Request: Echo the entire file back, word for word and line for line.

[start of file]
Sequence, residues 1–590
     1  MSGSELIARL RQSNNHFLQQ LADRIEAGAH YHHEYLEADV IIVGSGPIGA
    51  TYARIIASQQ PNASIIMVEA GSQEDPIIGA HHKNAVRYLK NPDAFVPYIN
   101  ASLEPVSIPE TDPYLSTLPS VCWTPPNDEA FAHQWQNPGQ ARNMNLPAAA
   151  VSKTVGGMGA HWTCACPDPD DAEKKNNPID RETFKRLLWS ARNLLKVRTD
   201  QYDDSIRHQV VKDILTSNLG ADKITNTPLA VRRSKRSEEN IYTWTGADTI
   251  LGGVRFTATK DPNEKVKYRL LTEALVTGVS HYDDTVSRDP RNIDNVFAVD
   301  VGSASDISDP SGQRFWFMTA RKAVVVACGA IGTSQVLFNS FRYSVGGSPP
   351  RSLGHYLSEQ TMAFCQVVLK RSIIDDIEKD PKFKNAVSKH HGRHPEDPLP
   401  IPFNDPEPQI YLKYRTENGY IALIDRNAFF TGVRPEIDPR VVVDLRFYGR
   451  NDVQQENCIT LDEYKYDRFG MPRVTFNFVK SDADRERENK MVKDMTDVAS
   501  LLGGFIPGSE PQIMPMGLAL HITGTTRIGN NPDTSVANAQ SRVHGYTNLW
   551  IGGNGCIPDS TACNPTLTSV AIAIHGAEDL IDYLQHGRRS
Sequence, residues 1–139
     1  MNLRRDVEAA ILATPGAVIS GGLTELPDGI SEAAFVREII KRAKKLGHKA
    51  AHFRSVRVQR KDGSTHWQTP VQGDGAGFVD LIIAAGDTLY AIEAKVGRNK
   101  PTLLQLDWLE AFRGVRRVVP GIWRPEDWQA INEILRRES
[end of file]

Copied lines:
Sequence, residues 1–590
     1  MSGSELIARL RQSNNHFLQQ LADRIEAGAH YHHEYLEADV IIVGSGPIGA
    51  TYARIIASQQ PNASIIMVEA GSQEDPIIGA HHKNAVRYLK NPDAFVPYIN
   101  ASLEPVSIPE TDPYLSTLPS VCWTPPNDEA FAHQWQNPGQ ARNMNLPAAA
   151  VSKTVGGMGA HWTCACPDPD DAEKKNNPID RETFKRLLWS ARNLLKVRTD
   201  QYDDSIRHQV VKDILTSNLG ADKITNTPLA VRRSKRSEEN IYTWTGADTI
   251  LGGVRFTATK DPNEKVKYRL LTEALVTGVS HYDDTVSRDP RNIDNVFAVD
   301  VGSASDISDP SGQRFWFMTA RKAVVVACGA IGTSQVLFNS FRYSVGGSPP
   351  RSLGHYLSEQ TMAFCQVVLK RSIIDDIEKD PKFKNAVSKH HGRHPEDPLP
   401  IPFNDPEPQI YLKYRTENGY IALIDRNAFF TGVRPEIDPR VVVDLRFYGR
   451  NDVQQENCIT LDEYKYDRFG MPRVTFNFVK SDADRERENK MVKDMTDVAS
   501  LLGGFIPGSE PQIMPMGLAL HITGTTRIGN NPDTSVANAQ SRVHGYTNLW
   551  IGGNGCIPDS TACNPTLTSV AIAIHGAEDL IDYLQHGRRS
Sequence, residues 1–139
     1  MNLRRDVEAA ILATPGAVIS GGLTELPDGI SEAAFVREII KRAKKLGHKA
    51  AHFRSVRVQR KDGSTHWQTP VQGDGAGFVD LIIAAGDTLY AIEAKVGRNK
   101  PTLLQLDWLE AFRGVRRVVP GIWRPEDWQA INEILRRES